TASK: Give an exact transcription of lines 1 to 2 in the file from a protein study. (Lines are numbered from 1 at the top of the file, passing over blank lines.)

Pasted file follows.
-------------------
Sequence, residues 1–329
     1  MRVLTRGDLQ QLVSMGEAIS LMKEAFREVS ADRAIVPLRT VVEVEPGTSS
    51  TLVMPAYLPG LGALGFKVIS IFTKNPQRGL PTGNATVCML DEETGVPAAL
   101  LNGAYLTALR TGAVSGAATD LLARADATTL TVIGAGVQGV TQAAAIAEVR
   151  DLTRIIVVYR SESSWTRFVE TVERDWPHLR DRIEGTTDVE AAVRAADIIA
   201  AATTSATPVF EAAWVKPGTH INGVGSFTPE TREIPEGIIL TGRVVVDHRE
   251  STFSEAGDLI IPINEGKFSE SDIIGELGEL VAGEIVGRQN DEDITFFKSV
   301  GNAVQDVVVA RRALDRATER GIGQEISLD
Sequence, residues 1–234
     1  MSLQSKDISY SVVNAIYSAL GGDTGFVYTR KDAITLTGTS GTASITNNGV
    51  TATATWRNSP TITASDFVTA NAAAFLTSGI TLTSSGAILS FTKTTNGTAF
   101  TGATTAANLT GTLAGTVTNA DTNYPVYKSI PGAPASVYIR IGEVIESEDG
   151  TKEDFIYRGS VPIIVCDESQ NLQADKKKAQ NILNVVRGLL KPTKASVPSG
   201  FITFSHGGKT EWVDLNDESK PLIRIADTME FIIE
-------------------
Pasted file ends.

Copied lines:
Sequence, residues 1–329
     1  MRVLTRGDLQ QLVSMGEAIS LMKEAFREVS ADRAIVPLRT VVEVEPGTSS